And Jesus said unto them, Because of your unbelief: for verily I say unto you, If ye have faith as a grain of mustard seed, ye shall say unto this mountain, Remove hence to yonder place; and it shall remove; and nothing shall be impossible unto you. (Matthew 17:20)
What incredible words! In Mark11: 22-24, this is followed with: Therefore I say unto you, What things soever ye desire, when ye pray, believe that ye receive [them], and ye shall have [them], words so often quoted as being the universal recipe for the manifestation of the miraculous.
And yet miracles don’t always occur, and believers are disappointed, and over time the concept that miracles don’t happen sneaks in and undermines the very faith we’re supposed to have. How often do we examine our faith and realise that’s it’s not even ‘mustard seed.’ The result? Condemnation and a slow, inexorable slide into the place of no longer believing in miracles.
The tragedy of this lies in the fact that the context of these verses is so often left out of the equation. It’s a very real example of how verses are taken out of context and learned by rote, and what we believe to be faith is built on something that excludes the divinity and sovereignty of God’s miracle-working power in our lives.
First, let’s look at overall context. These words occur in response to the disciples asking Jesus why they could not cast the demon out of the epileptic boy. In the next verse in Matthew 17, Jesus says: Howbeit this kind goeth not out but by prayer and fasting. It’s clear from this that certain things were missing.
The disciples did not know that dealing with certain manifestations of the demonic required prayer and fasting (just prior to this incident, Christ had met with Moses and Elijah and been transfigured on the mount, so He was at a place of spiritual power and unity with God). In their ignorance of spiritual things, or lack of God-given discernment in that moment, they were defeated and their faith made ineffectual. Their unbelief was therefore not that of ‘not believing,’ but rather of believing incorrectly.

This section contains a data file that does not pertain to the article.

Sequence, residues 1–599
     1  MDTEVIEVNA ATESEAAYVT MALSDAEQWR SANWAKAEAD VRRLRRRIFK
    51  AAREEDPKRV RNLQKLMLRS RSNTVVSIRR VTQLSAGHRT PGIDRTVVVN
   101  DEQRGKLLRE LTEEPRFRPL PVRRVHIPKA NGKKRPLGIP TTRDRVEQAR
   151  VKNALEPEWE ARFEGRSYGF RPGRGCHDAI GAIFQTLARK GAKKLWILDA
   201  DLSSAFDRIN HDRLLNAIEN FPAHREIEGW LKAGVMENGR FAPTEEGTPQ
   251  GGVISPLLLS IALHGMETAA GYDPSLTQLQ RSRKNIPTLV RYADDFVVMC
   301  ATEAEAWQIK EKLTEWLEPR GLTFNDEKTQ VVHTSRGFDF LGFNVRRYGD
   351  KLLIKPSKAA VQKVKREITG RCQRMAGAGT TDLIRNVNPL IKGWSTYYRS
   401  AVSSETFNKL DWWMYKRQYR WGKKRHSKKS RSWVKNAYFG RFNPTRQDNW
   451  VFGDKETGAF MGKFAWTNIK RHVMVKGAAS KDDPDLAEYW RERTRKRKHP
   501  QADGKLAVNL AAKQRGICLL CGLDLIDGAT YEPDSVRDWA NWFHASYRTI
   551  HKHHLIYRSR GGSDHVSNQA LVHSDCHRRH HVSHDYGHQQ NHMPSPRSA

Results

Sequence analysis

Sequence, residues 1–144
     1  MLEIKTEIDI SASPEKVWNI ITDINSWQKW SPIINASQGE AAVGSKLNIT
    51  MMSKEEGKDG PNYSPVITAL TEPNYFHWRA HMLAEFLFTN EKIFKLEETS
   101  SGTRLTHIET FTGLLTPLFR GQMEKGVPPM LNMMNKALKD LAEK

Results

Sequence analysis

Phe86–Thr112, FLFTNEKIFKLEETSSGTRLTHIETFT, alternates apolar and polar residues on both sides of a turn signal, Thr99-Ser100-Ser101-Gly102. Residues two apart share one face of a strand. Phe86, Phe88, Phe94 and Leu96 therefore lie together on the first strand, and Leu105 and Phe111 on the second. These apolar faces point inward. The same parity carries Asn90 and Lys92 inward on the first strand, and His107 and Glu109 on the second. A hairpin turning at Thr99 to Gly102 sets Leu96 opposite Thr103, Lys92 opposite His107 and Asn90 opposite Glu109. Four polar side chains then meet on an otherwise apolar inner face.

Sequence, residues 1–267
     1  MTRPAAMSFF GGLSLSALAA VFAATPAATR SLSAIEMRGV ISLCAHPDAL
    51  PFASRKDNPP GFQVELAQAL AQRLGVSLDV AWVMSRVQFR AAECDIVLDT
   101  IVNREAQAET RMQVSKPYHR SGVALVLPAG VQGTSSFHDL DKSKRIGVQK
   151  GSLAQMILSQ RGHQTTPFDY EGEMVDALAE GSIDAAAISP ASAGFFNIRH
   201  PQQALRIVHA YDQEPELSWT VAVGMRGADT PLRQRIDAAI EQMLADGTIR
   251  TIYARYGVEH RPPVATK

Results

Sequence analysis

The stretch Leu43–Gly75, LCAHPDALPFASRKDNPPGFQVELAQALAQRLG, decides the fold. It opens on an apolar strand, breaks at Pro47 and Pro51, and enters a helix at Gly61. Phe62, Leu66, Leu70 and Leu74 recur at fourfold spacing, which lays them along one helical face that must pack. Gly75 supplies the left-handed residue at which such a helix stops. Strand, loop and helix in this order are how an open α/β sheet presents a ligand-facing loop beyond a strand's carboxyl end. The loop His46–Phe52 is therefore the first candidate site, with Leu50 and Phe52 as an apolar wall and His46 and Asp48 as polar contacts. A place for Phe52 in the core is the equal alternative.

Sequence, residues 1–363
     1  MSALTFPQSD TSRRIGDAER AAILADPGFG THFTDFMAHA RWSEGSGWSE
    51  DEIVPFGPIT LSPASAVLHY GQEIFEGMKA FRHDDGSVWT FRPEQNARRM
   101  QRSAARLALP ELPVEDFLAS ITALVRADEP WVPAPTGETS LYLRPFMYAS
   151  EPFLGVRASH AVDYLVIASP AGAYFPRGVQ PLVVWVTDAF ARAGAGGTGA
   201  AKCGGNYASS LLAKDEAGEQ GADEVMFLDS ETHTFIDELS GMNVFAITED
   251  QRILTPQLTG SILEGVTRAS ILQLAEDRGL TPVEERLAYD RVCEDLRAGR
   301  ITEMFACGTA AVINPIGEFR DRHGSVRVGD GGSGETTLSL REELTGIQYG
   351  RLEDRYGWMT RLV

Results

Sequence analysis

We’re all familiar with the lesson that the mustard seed is one of the smallest of seeds. What is not often taught, however, is that it’s hardy, will germinate and take root in almost any soil and under the harshest conditions, and has the nature of proliferation – the Israelites did not plant it in their gardens or fields because of its propensity to take over, to spread and disseminate itself to the point where it would overrun the weaker plants. Quite a plant, the mustard.
This, then, is the power of the mustard seed, and Jesus had a very powerful reason for using the analogy. What He was saying, in effect, is that our faith should have the same characteristics. But again, it needs to be ‘rooted’ in context, and the context is the will of God and spiritual discernment that can only come through the leading of the Holy Spirit, which in turn comes from fellowship with God and surrender to His will. We can only know God’s will in all things if we are ‘one’ with Him through the Spirit. This, and this alone, is the only solid context and foundation of faith.